Cardrona isn’t just about the bikes, though that is the main draw. They also have mountain carting. The concept is similar to mountain luge, but uses super-low, off-road trikes with chunky tires. Completely gravity-powered, you take the lift to the top and get two hours per session to explore the three trails on offer which follow what are usually ski pistes in the winter. Carting is super fun; there’s a lot of potential to absolutely rip down the mountain and get some crazy sideways drifts on. You’ll get a full face helmet, goggles, and overalls to keep you safe while you’re barreling down. It’s an awesome way to keep your kids/partner entertained while you’re riding. That said, it’s so much fun that you might as well give it a go while you’re there!
The mountain is also open to hikers. The area is truly stunning, and pedestrians can take the gondola to the top and take a walk around the peak. There are multiple marked hiking trails of varying difficulty, with loads of photo-ops and views back down to Wanaka and Queenstown. Seriously, this place is crazy beautiful. If you’re on the mountain after close, they also offer guided stargazing tours with a professional astronomer. The night sky in Central Otago is beautiful, and what better way to see it?
As Cardrona is a fully-functioning ski resort in the winter, it’s no surprise that they have excellent facilities, though not all of them are open during the summer. Ticketing doubles as a gift shop and they have a good range of riding kit, hats, sunnies, etc. The Lounge Cafe/bar serves hot and cold drinks all day, with excellent baristas and top-notch food, including a BBQ and wood-fired pizza oven.
A large fleet of mountain bikes (and carts!) are available for rent. This season they’re running Trek, so they have Remedies and Sessions. They also have a small supply of common spares including brake pads, tires, tubes etc.
On the mountain there are also a number of modern and luxurious serviced apartments. This is a good option if you intend to stay for more than one day, as it’s a fair drive to the bottom. Staying here is a bit special, as you essentially get the mountain to yourself in the evening. Very few other guests means it’s quiet here, perfect for enjoying an amazing alpine sunset. The restaurant is also open to apartment guests in the evenings, and the food is both plentiful and delicious.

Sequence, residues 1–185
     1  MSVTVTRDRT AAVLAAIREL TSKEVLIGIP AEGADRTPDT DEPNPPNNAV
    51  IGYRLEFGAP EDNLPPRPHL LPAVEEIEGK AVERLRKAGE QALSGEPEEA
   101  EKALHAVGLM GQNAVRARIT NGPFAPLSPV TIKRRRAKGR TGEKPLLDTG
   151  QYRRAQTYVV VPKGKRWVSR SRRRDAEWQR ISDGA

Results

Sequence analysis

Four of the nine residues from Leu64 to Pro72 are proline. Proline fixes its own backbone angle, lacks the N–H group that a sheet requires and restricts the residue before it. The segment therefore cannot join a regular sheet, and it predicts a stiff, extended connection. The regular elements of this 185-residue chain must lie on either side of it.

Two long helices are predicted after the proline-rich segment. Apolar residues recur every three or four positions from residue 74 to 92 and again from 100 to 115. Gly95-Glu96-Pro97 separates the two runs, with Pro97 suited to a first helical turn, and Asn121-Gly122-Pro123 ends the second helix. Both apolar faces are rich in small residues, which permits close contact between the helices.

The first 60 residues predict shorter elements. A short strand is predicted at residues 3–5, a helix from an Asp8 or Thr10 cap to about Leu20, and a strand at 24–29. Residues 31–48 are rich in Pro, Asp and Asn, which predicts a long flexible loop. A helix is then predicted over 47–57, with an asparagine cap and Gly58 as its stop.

In addition to the National downhill champs that Cardrona has hosted for the past few years (though not for 2019), they also host a bunch of other events throughout the season. These include a mass-start megavalanche-style race, a couple of gravity enduro races, the Trek Dirtstar Downhill race, and Fast Fridays, a casual Friday evening race series.
Lift prices and info
The lifts are open 10am – 4pm, (10am-6pm Dec 26 – Feb 10), and stay open until 8pm on Fridays.
Cardrona offers a few different pass options: $70 (NZD) for a half day, $90 for a full day. There are options for transport from/to Queenstown, and there’s an optional extension for Fridays when they’re open to 8pm. There is also a season pass available for $499. Concession pricing is available.
Directions and accommodation
Cardrona resort is situated between Wanaka and Queenstown on the Crown Range Road. About 45 minutes from Wanaka and a bit over an hour from Queenstown, the drive is all tarmac from both directions until you hit their access road, which climbs about 1200m in 13km on gravel. It’s not too rough, but you’ll want to make sure your car can handle it. It also may not be insured as it’s a private road.
Wanaka/Queenstown are roughly a 5.5 hour drive from Christchurch, the largest city on the south island, and about 3 hours from Dunedin. Queenstown has an international airport and is also relatively easy to get to.
There are plenty of Airbnb places, hotels, campsites, and hostels in Wanaka, Queenstown, and in Cardrona village, in addition to the on-mountain accommodation. While there are plenty of units available, Cardrona is very busy during the summer, particularly over Christmas/new year and Easter, so make sure you book ahead of time. It’s not uncommon for hostels to be booked out weeks ahead.
In summary, Cardrona is an awesome riding spot and has enough riding to make most people happy. It’s not full of super gnarly trails, though there is some gnar there. It suits the modern breed of trail bike/enduro rider really well, with loads of fun trails to ride and excellent progression. The quality of the trails, facilities, and the staff make this place a hidden gem that not many people know about. Get in there for a ride before everybody else discovers it!